K-9 training like Disneyland for dogs

K-9 training like Disneyland for dogs

SPOKANE, Wash. - A police patrol dog is a very valuable tool, but just like a handgun, if your dog jams up when you really need it because the animal is distracted, that can put your life and other officer's lives in danger.

And that's why patrol dogs are learning to fly.

All this week, canine officers from as far away as Utah are in Spokane for an advanced class for dog handlers.

Washington is full of some pretty far flung places, so if a patrol dog learns what it feels like to ride in a helicopter here, he won't be distracted by the noise and vibration in the future.

"The more difficult situations we can expose them to, the more confident they are out on the street, which creates more success as far as capturing bad guys," said Spokane Police Officer Craig Hamilton.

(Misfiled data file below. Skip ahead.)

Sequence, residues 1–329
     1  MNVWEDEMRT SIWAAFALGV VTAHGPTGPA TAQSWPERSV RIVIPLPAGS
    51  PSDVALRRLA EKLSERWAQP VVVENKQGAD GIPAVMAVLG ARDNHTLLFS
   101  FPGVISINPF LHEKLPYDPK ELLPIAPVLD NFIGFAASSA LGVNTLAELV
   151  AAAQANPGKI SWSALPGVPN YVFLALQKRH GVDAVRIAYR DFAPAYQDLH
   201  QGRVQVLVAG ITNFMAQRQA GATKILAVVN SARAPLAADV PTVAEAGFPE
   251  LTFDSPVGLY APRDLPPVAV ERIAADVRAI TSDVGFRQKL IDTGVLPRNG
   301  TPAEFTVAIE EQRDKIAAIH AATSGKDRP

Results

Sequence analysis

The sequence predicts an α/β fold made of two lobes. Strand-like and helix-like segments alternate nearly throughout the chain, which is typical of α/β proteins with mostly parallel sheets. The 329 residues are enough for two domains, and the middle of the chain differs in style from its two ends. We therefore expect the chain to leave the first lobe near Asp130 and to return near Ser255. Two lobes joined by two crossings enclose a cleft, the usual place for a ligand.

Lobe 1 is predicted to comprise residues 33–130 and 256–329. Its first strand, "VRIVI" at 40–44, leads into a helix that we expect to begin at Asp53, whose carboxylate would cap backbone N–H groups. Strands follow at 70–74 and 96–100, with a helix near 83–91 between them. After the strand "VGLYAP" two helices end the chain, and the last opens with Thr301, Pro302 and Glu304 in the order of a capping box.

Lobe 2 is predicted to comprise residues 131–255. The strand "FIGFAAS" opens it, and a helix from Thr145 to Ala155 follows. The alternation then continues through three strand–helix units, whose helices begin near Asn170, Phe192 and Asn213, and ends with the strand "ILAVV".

And in Spokane, the bad guys often end up trying to swim the river to get away from the cops. So, the class exposes canines to keep after fleeing suspects, even if means just dog paddling to get where they're going.

"Absolutely, he loves it," said Whatcom County Sheriff's Deputy Jason Nyhus about his K-9 partner, Hyde. "And again, it's seeing that again. It's them getting positive repetitions and winning every time, that's so crucial to training an animal."

Hyde can sniff out drugs as well as find suspects on the run. He shows why dogs are force multipliers in the war on crime.

"So they can actually replace several patrol officers if we have to clear buildings," said Ofc. Hamilton. "They're much quicker at that. They also reduce the amount of force that's usually needed if we have somebody who is resisting."

And don't think for a second that these animals, even when they're wearing a muzzle, aren't having a good time.

This school is like a Disneyland for dogs. It's the handlers who are doing all the hard work.

When the training is over, the dogs will head back into their respective communities better prepared to do their jobs, no matter what the distraction. The tuition their handlers leave behind, reinvested in Spokane's K-9 program.